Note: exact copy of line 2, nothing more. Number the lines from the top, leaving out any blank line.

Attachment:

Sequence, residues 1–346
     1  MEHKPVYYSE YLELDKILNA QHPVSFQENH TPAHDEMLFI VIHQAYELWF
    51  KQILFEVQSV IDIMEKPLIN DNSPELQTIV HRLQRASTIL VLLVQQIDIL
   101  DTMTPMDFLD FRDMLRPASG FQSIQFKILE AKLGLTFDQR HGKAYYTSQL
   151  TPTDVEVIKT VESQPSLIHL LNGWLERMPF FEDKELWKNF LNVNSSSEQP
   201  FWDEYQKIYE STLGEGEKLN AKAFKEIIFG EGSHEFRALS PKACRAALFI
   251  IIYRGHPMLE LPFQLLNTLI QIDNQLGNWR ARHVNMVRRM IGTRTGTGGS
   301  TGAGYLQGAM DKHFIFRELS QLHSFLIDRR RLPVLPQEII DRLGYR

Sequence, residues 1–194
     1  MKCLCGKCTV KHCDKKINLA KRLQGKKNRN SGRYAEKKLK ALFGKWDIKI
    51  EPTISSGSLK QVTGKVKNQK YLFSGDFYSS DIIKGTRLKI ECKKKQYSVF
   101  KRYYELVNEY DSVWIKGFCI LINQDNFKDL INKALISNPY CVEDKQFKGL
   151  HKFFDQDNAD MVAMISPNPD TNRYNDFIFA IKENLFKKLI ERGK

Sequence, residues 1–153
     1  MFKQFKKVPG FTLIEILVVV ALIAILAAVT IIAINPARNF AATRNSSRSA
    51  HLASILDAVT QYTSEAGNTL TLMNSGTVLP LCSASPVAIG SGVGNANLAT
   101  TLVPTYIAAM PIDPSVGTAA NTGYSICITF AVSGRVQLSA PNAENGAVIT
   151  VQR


     1  MEHKPVYYSE YLELDKILNA QHPVSFQENH TPAHDEMLFI VIHQAYELWF